- Art & Culture
Pusterla di San Vincenzo
Medieval towns had two types of access: the main one called 'Porta' (gate) and the secondary one called “Pusterla” (or “Pustierla”). Lodi historical tradition claims, and affirms, that it was from this place that Emperor Frederick Barbarossa Hohenstaufen mapped out the boundaries of the new city and that his palace was actually built nearby. Around the end of the 18th century, when the road system was rearranged, it was replaced by one known as Porta Nuova or Porta Milano, built in the neoclassical style. This was actually a double gate forming a double corner in today's Piazzale Tre Agosto; it was destroyed as Porta d'Adda in 1912.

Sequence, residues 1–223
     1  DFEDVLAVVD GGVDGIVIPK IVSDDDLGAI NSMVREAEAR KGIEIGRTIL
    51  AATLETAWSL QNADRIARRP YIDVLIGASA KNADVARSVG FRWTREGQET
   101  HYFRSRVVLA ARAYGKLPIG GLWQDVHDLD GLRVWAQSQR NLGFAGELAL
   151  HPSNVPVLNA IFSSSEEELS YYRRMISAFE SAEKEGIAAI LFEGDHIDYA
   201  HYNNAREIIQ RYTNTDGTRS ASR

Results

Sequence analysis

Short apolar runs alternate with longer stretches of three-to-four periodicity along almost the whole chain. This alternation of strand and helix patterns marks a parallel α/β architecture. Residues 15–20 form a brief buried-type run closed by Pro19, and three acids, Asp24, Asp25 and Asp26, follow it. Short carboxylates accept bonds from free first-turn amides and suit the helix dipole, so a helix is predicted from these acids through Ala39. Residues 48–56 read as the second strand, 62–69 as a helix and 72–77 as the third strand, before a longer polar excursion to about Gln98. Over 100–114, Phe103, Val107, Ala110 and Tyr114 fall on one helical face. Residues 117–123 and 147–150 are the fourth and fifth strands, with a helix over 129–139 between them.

A plaque still commemorates the maximum height of the Colle Eghezzone (or “Mons Gezonis”).